Italy Regional Vote Could Fuel Tension in Unruly Conte Coalition
Italian voters go to the polls Sunday and Monday in regional elections that could weaken the year-old coalition of Prime Minister Giuseppe Conte as it struggles to pull the country out of the worst recession in living memory.
Seven of the nation’s 20 regions will choose new legislatures, in addition to mayoral elections across the country and a nationwide referendum on reducing the size of the country’s parliament.
Cutting the number of lawmakers is a core platform plank for the anti-establishment Five Star Movement, the biggest force in the ruling alliance that also includes the center-left Democratic Party.
Exit polls are due when polling stations close at 3 p.m. on Monday, with referendum and regional results expected in the afternoon and evening.
What to Watch
The focus is on three of the regions held by the center-left: Tuscany, Marche in central Italy and Puglia in the south. Matteo Salvini of the anti-migrant League, which leads the center-right opposition, is seeking a landmark victory in Tuscany, a long-time leftist bastion.
Salvini is in need of a win. With about 25% in national opinion surveys, the League is still Italy’s most popular party, but it’s support has been steadily sliding since the 2019 European elections, when it won 34% of the vote.
A center-right win in Tuscany and in other regions could also fuel tensions both within Five Star and the Democrats, or PD, and between the coalition partners. That could prove a headache for Conte, with a government reshuffle possible.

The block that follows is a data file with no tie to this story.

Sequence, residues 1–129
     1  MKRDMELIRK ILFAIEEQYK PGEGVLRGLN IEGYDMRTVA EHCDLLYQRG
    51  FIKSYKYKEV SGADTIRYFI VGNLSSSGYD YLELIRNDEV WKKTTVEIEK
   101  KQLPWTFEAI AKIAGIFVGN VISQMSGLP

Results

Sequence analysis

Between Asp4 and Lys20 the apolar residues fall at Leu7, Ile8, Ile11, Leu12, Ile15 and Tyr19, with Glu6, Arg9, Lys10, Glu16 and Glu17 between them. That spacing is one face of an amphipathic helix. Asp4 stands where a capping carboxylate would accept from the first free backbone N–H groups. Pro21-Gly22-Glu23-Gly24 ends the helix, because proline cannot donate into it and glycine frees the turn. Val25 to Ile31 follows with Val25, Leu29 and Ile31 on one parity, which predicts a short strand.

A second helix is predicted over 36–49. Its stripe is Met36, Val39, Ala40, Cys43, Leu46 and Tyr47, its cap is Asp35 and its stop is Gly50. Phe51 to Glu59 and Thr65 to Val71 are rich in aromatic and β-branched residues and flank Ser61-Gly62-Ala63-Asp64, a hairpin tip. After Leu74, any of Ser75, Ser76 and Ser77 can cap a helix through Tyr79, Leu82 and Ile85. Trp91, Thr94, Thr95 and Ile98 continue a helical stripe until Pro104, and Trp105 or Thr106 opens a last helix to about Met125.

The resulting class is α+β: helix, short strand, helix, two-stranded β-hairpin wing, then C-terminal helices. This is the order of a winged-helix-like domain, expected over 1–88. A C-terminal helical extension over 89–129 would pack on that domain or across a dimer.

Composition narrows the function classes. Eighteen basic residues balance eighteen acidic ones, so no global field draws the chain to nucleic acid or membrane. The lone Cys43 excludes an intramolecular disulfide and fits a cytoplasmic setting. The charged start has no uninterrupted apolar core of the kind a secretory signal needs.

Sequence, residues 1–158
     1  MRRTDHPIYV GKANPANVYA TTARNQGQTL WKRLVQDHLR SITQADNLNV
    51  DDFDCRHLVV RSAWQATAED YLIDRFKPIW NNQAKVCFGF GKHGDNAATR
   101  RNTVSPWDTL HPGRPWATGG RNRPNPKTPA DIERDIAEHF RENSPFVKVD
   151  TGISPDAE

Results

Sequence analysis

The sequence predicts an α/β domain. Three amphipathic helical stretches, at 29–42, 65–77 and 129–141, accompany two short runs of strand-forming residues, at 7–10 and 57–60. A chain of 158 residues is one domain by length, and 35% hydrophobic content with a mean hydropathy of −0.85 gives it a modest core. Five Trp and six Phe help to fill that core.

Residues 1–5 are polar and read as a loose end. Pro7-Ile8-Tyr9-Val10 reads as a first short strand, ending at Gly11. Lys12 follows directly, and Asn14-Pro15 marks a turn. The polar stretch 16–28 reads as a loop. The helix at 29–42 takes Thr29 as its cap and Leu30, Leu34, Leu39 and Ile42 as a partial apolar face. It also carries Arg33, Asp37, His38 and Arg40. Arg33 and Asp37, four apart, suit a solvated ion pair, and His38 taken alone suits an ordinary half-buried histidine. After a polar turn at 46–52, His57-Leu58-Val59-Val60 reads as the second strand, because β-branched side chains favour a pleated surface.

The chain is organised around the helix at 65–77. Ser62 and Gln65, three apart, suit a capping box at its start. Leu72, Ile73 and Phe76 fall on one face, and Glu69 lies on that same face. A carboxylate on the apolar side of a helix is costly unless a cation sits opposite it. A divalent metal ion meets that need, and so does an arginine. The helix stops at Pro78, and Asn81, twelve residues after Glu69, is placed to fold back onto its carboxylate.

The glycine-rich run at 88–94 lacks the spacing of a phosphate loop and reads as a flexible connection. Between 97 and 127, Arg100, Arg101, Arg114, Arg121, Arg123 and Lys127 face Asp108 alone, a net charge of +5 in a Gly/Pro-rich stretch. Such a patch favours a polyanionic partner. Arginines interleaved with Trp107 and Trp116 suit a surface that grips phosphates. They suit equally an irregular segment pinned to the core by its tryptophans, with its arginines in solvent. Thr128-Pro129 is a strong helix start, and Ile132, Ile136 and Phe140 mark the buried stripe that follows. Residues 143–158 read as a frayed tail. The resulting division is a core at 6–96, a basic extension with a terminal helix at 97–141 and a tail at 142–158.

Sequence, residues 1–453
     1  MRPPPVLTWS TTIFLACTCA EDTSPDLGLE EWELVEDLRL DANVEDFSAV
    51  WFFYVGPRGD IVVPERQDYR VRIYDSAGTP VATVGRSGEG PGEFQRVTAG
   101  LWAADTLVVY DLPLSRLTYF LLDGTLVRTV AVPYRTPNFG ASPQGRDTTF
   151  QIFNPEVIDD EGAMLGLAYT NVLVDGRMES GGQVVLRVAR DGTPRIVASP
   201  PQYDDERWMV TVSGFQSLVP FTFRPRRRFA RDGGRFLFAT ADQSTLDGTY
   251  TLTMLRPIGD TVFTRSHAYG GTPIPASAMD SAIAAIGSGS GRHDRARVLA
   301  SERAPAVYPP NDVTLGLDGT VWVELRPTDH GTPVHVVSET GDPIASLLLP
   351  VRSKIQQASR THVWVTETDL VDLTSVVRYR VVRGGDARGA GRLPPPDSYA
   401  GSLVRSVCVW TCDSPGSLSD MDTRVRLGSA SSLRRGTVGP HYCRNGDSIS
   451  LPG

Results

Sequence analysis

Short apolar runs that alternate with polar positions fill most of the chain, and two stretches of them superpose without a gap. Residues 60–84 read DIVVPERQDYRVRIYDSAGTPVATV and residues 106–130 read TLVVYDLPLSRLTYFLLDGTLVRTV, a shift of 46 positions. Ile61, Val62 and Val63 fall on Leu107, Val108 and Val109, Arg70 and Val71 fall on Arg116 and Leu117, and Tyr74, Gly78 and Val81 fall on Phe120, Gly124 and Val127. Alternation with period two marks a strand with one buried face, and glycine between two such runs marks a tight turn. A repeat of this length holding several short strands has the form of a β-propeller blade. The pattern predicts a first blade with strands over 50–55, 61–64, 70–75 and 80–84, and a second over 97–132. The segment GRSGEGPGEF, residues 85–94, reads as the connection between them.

Cabinet members potentially at risk include Transportation Minister Paola De Micheli of the PD, who’s been locked in acrimonious talks with the Benetton family’s infrastructure giant Atlantia SpA after the deadly 2018 collapse of a bridge in Genoa.
A dismal PD showing could also torpedo Nicola Zingaretti’s leadership of the party, further unsettling the government.
Whatever their misgivings, Conte’s allies are likely to prefer to remain in power rather than risk triggering early elections. They are looking forward to reaping the political benefits from carving up Italy’s expected 209 billion-euro ($248 billion) slice of pandemic recovery grants and loans from the European Union.
Some Conte loyalists are more worried about how to deal with the cash than about the regional elections, according to a senior official familiar with their conversations. If the government is seen as wasting money, or pursuing policies based on party or ministry chiefs’ egos, Italians may turn their backs on the ruling parties for years to come, said the official, who asked not to be named discussing a confidential issue.
The stability of Conte’s coalition rides in part on the outcome of the referendum, which calls for cutting the number of seats in parliament from 945 to 600. Passage of the measure could be an insurance policy for the premier, dispelling any risk of early elections as lawmakers redraw constituencies and negotiate electoral reforms.
A “no” vote on the referendum would damage Five Star, which is already hemorrhaging voter support, though other parties, including the PD, have backed the measure as well.
Despite the country’s volatile politics and likely budget disputes ahead, investors have signaled they’re sticking with Italy’s debt, reassured by the fiscal and monetary firepower of the EU and the European Central Bank shielding the country’s bond market.
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